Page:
This article presents evidence of the scale, relative intensity, and social determinants of immigrants’ transnational political engagement. It demonstrates that a stable and significant transnational field of political action connecting immigrants with their polities of origin does indeed exist. The results temper celebratory images of the extent and effects of transnational engagement provided by some scholars. The article shows that migrants’ habitual transnational political engagement is far from being as extensive, socially unbounded, ‘deterritorialized,’ and liberatory as previously argued. Transnational political action, then, is regularly undertaken by a small minority, is socially bounded across national borders, occurs in quite specific territorial jurisdictions, and appears to reproduce preexisting power asymmetries. The potential of transnationalism for transforming such asymmetries within and across countries has yet to be determined.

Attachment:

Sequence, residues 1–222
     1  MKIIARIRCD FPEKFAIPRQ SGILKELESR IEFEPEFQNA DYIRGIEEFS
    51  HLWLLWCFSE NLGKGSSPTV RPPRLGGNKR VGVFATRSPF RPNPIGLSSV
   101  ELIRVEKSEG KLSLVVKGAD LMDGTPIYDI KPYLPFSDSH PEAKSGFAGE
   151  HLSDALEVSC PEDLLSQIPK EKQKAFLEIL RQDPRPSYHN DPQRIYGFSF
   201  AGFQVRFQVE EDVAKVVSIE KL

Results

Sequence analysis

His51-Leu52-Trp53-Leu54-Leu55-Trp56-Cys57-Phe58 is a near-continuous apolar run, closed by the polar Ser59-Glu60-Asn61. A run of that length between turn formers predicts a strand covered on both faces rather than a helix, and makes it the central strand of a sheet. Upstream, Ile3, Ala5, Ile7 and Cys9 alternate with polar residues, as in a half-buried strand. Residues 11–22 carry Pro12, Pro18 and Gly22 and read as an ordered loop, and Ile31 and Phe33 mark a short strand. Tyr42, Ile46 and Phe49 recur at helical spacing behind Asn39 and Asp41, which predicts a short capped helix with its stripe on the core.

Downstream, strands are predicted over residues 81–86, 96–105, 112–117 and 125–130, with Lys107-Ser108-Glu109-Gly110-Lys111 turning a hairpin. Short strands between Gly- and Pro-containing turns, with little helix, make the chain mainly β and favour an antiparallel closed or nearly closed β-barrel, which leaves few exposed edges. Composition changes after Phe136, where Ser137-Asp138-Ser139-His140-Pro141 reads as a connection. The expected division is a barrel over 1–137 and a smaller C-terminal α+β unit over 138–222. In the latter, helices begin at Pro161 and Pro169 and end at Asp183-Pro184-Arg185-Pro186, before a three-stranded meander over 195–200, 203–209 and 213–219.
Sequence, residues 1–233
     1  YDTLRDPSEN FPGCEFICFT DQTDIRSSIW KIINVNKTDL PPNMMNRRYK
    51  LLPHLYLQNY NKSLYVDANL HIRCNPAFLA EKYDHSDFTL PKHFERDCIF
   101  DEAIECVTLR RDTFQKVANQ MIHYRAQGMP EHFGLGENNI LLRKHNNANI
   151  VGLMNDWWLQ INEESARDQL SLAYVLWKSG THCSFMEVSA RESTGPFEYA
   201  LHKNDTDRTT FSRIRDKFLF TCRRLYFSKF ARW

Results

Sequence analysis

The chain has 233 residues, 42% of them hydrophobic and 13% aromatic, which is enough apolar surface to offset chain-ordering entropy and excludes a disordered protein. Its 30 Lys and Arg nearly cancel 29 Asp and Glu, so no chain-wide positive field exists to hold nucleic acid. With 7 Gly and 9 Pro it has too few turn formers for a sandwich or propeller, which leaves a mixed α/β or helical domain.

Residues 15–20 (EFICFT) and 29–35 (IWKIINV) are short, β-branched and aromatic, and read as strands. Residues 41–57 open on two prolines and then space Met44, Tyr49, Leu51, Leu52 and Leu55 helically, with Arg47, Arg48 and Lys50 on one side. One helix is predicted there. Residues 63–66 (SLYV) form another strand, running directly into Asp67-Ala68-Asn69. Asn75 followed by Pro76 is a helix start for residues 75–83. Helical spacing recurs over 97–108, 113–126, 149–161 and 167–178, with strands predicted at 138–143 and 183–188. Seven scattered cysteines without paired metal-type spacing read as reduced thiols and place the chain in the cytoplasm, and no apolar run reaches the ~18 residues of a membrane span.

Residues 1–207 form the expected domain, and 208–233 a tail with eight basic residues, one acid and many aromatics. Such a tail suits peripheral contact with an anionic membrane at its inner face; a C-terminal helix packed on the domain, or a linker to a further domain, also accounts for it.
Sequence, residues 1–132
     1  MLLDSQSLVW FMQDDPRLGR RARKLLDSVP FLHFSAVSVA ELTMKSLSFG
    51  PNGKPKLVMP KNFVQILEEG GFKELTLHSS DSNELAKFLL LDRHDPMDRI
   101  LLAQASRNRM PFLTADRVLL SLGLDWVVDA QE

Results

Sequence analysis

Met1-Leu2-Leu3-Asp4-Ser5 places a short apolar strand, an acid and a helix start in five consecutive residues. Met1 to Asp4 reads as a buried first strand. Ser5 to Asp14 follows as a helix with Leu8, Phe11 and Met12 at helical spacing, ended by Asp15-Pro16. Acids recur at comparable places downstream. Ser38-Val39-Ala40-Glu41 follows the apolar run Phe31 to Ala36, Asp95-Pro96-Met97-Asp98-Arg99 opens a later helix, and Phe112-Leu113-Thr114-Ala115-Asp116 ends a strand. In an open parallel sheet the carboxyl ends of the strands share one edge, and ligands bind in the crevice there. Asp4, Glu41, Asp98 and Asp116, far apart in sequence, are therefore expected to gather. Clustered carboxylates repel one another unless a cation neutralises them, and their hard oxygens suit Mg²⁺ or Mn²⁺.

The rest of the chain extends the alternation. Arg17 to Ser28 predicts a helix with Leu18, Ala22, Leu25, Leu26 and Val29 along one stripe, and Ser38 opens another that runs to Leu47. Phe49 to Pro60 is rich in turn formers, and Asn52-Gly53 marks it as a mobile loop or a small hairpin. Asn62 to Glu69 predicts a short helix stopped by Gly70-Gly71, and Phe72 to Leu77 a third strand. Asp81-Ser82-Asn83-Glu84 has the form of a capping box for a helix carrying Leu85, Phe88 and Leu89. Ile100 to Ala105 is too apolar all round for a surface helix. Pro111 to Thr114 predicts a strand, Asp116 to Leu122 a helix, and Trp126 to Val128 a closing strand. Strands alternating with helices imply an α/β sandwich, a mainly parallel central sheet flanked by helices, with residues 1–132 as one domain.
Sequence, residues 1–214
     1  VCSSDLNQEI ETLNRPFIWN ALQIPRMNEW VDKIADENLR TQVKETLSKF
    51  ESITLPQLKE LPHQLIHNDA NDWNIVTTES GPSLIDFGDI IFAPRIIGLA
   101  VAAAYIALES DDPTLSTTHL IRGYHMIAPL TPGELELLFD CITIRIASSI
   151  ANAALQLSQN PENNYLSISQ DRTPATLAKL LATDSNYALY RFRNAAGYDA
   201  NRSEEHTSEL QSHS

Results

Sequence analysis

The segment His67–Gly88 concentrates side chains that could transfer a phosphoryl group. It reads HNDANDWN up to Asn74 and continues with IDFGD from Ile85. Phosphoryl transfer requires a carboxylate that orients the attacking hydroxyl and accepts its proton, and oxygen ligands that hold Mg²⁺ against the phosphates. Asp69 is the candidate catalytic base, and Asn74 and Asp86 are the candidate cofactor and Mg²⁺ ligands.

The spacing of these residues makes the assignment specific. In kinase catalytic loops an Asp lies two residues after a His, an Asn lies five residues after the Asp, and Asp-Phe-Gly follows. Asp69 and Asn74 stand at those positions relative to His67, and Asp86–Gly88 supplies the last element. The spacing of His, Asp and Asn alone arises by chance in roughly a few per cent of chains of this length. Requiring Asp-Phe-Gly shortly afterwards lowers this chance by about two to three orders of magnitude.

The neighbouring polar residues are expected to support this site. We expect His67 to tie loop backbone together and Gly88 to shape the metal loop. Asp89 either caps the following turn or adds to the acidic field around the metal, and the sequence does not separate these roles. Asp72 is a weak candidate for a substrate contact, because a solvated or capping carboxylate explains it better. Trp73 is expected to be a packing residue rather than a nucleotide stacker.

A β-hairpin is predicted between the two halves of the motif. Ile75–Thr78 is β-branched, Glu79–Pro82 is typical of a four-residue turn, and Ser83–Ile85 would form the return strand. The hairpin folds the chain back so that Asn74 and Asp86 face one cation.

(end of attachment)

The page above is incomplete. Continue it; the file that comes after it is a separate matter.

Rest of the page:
©2003 University of Chicago Press